International Harvester introduced its Scout SUV five years before the launch of the 1966 Ford Bronco. So it almost seems fitting that Ford’s new, rugged-looking Escape-based Bronco Scout—which may actually end up being called the Ford Adventurer—will launch before the highly anticipated Ranger-based Bronco. Shown here are artist’s renderings of what we think it will look like.
The smaller off-road SUV will be billed as the off-road antidote to the 2020 Escape, which itself has been redesigned to look like a tall Focus wagon. Word is the Adventurer/Bronco Scout chassis is being tuned for trail traction in order for it to compete with the likes of Jeep’s unibody, transverse-engine models (Cherokee, Compass, Renegade), though size-wise, the small Ford will compete most directly with the Compass.
Engine choices will mimic what’s available for the new Escape, from a 1.5-liter EcoBoost inline-three with 180 horsepower and 177 lb-ft to a 2.0-liter EcoBoost four-cylinder with 250 horsepower and 275 lb-ft, plus two hybrids—a conventional hybrid and a plug-in-hybrid option—both coupled to a 2.5-liter Atkinson cycle four. Cargo capacity should also be similar to that of the new Escape, which has 38 cubic feet of space behind the second row (34 in the hybrids) and 65 cubic feet behind the first row (61 in the hybrids).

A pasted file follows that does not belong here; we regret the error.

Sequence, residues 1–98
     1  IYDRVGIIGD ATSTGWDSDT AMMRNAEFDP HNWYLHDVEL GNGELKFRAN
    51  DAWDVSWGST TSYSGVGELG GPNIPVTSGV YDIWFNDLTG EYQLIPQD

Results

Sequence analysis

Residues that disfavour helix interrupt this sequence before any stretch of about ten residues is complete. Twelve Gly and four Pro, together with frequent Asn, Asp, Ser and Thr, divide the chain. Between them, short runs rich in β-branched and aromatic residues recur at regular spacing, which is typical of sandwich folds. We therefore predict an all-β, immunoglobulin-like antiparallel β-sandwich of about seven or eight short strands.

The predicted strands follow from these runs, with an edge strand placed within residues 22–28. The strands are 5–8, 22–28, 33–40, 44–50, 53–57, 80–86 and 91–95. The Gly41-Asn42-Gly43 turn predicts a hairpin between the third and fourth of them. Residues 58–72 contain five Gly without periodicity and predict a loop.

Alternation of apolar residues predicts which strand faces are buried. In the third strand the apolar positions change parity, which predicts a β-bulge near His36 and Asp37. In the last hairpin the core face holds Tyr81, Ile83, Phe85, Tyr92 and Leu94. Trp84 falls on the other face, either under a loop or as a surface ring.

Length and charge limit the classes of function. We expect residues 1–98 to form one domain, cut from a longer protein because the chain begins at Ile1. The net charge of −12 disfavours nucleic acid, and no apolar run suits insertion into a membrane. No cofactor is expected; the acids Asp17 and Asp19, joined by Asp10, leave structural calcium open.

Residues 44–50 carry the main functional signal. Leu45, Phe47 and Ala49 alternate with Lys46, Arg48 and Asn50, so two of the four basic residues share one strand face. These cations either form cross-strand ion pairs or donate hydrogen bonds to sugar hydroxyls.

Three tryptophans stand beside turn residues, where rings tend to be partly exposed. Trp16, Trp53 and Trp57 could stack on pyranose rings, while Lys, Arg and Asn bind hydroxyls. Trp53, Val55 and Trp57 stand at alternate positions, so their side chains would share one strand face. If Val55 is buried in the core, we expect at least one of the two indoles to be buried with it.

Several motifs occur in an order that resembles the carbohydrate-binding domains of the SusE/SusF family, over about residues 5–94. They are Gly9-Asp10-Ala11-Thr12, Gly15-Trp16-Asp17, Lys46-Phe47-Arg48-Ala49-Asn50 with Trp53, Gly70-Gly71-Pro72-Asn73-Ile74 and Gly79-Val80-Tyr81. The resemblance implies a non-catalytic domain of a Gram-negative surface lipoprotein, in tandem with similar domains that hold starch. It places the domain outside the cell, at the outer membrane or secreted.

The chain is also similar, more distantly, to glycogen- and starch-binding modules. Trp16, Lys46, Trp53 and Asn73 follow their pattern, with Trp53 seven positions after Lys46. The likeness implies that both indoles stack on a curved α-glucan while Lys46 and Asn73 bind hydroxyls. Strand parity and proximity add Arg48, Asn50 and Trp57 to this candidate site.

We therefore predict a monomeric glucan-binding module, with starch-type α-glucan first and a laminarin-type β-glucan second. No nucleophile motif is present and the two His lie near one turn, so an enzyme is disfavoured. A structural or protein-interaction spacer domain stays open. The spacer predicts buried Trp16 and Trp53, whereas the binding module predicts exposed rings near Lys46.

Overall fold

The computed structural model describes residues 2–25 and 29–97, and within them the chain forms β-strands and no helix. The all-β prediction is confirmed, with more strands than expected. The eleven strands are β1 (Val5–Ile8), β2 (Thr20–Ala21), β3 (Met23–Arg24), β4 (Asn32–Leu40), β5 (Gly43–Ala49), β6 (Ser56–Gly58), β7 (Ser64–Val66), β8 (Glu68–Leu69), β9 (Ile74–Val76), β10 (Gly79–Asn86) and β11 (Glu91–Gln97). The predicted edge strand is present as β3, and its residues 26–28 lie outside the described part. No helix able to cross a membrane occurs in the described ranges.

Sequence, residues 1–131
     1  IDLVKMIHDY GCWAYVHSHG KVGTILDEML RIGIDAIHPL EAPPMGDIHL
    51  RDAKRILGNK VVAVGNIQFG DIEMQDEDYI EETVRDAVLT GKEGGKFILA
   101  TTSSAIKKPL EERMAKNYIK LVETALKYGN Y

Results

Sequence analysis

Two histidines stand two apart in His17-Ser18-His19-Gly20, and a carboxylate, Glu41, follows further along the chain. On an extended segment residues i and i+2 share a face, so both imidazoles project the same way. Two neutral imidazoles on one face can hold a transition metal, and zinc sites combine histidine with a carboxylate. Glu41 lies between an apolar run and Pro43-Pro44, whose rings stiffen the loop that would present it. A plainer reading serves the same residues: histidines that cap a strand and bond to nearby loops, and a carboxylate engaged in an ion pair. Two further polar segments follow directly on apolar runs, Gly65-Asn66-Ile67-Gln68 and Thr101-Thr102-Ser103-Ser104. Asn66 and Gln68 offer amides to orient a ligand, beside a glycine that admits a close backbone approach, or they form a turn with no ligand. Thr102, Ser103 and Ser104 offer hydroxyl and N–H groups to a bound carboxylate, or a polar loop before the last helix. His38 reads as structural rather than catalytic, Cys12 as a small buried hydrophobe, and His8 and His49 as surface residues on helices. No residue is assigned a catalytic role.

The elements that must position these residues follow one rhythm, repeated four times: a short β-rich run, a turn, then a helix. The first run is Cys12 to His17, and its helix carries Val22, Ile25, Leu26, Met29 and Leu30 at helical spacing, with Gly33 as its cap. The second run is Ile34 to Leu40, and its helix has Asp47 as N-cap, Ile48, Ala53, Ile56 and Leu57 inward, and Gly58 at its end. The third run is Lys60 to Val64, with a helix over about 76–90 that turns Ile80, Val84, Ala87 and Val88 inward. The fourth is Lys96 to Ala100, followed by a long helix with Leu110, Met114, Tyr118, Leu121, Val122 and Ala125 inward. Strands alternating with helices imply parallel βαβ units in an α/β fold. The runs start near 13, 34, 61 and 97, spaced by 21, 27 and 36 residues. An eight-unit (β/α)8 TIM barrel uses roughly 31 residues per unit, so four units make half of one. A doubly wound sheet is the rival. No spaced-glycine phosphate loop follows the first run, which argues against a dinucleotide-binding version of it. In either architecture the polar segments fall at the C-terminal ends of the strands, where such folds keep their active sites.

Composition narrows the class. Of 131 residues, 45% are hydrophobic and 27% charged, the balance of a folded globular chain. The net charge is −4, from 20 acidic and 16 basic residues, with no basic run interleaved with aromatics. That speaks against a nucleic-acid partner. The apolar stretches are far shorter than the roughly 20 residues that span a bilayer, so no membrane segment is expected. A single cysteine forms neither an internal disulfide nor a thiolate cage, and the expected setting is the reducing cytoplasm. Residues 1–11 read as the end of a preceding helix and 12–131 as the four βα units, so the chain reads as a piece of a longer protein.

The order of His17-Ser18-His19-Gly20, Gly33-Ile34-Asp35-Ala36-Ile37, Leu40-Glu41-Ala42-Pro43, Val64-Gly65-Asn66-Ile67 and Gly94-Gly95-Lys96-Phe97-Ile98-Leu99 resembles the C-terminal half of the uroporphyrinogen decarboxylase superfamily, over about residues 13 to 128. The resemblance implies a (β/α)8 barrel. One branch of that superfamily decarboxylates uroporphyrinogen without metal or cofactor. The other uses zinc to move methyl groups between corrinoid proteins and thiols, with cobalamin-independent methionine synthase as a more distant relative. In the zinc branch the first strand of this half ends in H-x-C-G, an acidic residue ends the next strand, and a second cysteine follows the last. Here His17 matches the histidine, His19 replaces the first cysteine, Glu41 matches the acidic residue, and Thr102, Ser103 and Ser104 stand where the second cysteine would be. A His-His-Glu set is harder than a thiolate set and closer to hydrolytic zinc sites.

Ford is targeting the iconic Jeep Wrangler with its new-age body-on-frame Bronco and is planning two- and four-door versions to battle the Wrangler and Wrangler Unlimited. We’re hearing that the Bronco will come with an independent front suspension and a solid Dana rear axle, and Ford has patented both a removable/retractable roof and a take on removable doors that have tube doors hidden inside. We also exclusively learned that the company is planning a Bronco pickup truck to battle the Jeep Gladiator.
The Bronco is expected to launch with the Ranger’s 270-hp, 310-lb-ft 2.3-liter EcoBoost turbo-four paired with a 10-speed automatic transmission. A hybrid model, likely with a version of the Explorer’s 3.3-liter Atkinson cycle V-6 with a 1.5-kW-hr lithium-ion battery pack, is also in the pipeline.
After the initial launch in the fourth quarter of next year (the Bronco will be built at the same Michigan Assembly Plant as the Ranger), Ford is expected to offer a variant of its 2.7-liter twin-turbo V-6 making about 350 horsepower and as much as 400 lb-ft of torque as part of the Bronco’s powertrain mix. It’s uncertain whether Ford will name it the Bronco Raptor or Bronco ST, although an all-new Ranger, due in the 2023 model year, will also be offered with the engine and the Raptor name.
Aside from Shelby Mustangs and other pony-car variants, Ford Performance is relegated to Raptor variations of pickups and ST models of SUVs. Following on the heels of the new base Explorer after it goes on sale this fall will be the 2020 Explorer ST, powered by Ford’s 400-hp, 415-lb-ft 3.0-liter twin-turbo V-6 mated to a 10-speed automatic and rolling on 21-inch wheels. Within a couple of years, an all-new Edge will migrate to the Explorer’s rear-drive platform and get the same ST performance engine. Despite the big wheels with their heavy unsprung weight, the Explorer ST doesn’t have the harsh ride and overly quick steering of some performance sport utilities, as we discovered during our first drive; rather, enthusiasts will appreciate the difference in the ST’s dynamics compared with other Explorers.
- Bronco: Late 2020
- Adventurer/Bronco Scout: Mid-2020
- Explorer ST: Late 2019
- Bronco: $29,000 (est)
- Bronco Scout: $26,000 (est)
- Explorer ST: $55,835